Memphis, Tennessee, is, without a doubt, home to the legacy of a royal. Not a crown-wearer, but a blue-suede-shoes-wearer. Elvis Aaron Presley passed away on August 16,1977, but has continued to leave his mark on the greater Memphis area in the 40 years since. His influence on Memphis, the city nestled right next to the delta of the Mississippi River, is unmistakable. From souvenir trinkets to restaurant menus, Elvis’s name and image are everywhere.

The Beale Street Elvis statue.

The famous Elvis statue, which can be found on Beale Street.

The city prides itself on the life and legacy of Elvis every day, but it really comes alive with Elvis-appreciation during the annual “Death Week” celebration in August. It is truly a spectacle—a time of mourning, of admiration, of tribute, of nostalgia, and of seeing Elvis impersonators in droves (picture the Las Vegas Strip). A tangible reverence, albeit laughable for all but the most devoted fans, settles over the land of the Delta blues. Thousands of Elvis appreciators from near and far flock to midtown Memphis to pay their respects to the King of Rock and Roll. Some come to relive their glory days, some come to pass the legacy of appreciation to their posterity, and some come merely to admire the impressive and somewhat excessive scope of the festivities for this well-loved musician.

The focal event of the celebration, one viewed as utterly bizarre by all but the most dedicated aficionados, is the Candlelight Vigil conducted near Graceland mansion (Elvis’s home that has become almost as famous as he is). At twilight, mourners gather to hold candles and bond over a singer and a time long gone. Another priority of many Death Week tourists is attending one or more of the many tribute performances and impersonation shows. These events may seem extreme to the uninitiated, but Death Week etiquette demands a somber respect for the sincere emotions experienced by the majority of attendees. In other words, poking fun is off-limits.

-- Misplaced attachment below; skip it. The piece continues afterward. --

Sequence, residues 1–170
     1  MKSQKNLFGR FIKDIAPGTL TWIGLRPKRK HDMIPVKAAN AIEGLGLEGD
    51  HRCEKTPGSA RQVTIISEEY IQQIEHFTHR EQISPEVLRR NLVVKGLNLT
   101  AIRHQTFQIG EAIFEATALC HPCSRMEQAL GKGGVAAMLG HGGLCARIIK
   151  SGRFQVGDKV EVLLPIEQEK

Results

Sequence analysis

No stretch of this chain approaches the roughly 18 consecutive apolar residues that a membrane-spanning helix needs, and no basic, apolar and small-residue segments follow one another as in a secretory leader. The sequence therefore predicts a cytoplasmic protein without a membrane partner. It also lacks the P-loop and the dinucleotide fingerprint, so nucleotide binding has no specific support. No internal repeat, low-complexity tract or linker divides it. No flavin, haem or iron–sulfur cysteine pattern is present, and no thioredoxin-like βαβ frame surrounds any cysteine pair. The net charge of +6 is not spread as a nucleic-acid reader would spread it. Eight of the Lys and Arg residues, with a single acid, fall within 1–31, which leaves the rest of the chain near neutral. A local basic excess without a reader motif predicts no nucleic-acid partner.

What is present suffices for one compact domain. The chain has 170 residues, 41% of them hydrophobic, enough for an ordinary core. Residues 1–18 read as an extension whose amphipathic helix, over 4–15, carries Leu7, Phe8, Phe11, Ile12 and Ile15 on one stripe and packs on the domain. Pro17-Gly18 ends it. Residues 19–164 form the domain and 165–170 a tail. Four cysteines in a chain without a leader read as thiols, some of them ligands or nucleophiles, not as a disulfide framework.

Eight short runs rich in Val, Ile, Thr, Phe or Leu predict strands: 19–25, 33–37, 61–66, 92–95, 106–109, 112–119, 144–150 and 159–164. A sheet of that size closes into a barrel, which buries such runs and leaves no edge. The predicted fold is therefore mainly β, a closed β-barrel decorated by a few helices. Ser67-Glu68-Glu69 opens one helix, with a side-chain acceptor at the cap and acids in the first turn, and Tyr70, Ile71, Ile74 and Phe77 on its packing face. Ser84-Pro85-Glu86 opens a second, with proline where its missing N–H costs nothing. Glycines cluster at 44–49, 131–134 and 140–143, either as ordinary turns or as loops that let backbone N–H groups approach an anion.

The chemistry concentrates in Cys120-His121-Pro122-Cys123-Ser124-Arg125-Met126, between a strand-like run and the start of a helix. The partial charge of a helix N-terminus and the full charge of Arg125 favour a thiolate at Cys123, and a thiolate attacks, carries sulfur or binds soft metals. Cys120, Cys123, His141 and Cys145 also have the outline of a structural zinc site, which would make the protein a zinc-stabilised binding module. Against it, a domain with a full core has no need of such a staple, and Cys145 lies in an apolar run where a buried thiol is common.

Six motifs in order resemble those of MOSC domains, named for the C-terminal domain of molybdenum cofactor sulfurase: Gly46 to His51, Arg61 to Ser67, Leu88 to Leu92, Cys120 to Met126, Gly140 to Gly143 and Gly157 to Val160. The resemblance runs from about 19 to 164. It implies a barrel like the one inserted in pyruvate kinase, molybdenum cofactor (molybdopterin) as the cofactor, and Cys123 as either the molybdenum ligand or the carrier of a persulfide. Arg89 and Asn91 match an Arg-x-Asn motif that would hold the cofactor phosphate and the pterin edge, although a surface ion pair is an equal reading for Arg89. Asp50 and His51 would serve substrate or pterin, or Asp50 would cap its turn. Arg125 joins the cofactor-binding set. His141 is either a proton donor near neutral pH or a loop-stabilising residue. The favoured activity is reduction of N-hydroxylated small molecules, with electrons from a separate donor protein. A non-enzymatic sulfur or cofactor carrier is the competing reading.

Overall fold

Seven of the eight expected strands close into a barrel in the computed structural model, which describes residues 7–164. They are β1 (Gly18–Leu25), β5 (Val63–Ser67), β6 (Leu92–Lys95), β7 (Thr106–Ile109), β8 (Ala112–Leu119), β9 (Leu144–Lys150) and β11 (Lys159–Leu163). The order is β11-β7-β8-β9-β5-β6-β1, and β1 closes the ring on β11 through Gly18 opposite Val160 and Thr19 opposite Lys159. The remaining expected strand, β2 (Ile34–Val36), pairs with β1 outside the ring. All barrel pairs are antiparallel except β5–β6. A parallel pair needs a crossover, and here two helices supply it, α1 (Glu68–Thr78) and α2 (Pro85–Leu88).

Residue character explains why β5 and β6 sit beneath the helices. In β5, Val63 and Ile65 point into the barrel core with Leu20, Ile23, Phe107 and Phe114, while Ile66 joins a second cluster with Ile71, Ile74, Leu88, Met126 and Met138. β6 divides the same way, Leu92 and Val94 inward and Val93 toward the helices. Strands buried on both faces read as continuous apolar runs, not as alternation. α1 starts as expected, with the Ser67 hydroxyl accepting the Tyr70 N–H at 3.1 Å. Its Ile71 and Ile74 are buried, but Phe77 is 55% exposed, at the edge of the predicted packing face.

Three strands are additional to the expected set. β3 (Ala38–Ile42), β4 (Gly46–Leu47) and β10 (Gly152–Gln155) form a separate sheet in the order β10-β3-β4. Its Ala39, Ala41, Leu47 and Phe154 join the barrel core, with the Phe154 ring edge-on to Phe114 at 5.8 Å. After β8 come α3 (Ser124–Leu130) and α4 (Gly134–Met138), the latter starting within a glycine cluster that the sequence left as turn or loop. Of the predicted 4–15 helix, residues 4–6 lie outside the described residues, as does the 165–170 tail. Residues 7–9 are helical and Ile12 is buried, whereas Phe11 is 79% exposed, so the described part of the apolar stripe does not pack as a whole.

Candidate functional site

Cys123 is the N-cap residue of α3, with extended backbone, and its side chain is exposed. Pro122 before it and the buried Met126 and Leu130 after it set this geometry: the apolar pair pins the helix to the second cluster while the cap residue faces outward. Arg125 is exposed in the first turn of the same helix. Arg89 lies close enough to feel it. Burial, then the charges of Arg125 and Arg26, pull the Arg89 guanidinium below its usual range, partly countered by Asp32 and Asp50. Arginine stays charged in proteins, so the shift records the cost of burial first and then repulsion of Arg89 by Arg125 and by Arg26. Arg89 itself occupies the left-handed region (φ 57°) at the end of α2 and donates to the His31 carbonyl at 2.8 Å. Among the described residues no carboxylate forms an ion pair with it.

If you pay attention (or even if you don’t), you’re likely to see folks dressed up in clothes printed with Elvis’s face on them, clothes inspired by Elvis’s eccentric taste in patterns, and clothes meant to imitate specific well-known articles themselves (i.e.,any one of the many beloved white jumpsuits). Lansky’s, the famous clothing purveyor credited with helping Elvis develop his iconic style, conducts a brisk business during Death Week.

Photo by Jennifer.

Graceland’s exterior. Photo by Jennifer.

3717 Elvis Presley Boulevard (Graceland) bustles with fans as folks line up outside, going in and out. And the garden becomes extra fragrant as Elvis’s on-site “tomb” becomes piled high with blooms from fans of all ages: those who remember going to see the singer perform live, all the way down to those barely old enough to say his name.

Besides the events specific to Death Week, many fans wouldn’t consider their time in Memphis complete without a quick stop on Union Avenue for a tour of Sun Studios, where Elvis frequently recorded. Others make an annual trek down to Tupelo, Mississippi, to lay eyes on the site of the legend’s birth. An important ritual for some includes indulging in a classic fried PBBB. Elvis was a huge fan of the fried peanut butter-banana-bacon sandwich, and tons of his devotees make sure to champion Memphis’s myriad sandwich shops to ask for an “Elvis,” or one of the many other peanut butter and banana treats seemingly omnipresent in midtown restaurants.

Of course, if the grease and extremes of the Death Week celebration in Memphis aren’t for you, consider a making an Elvis playlist and munching on a simple piece of peanut butter toast in the comfort of your own home. No crying, blue suede shoes, or plane tickets necessary.

Samantha Bullock



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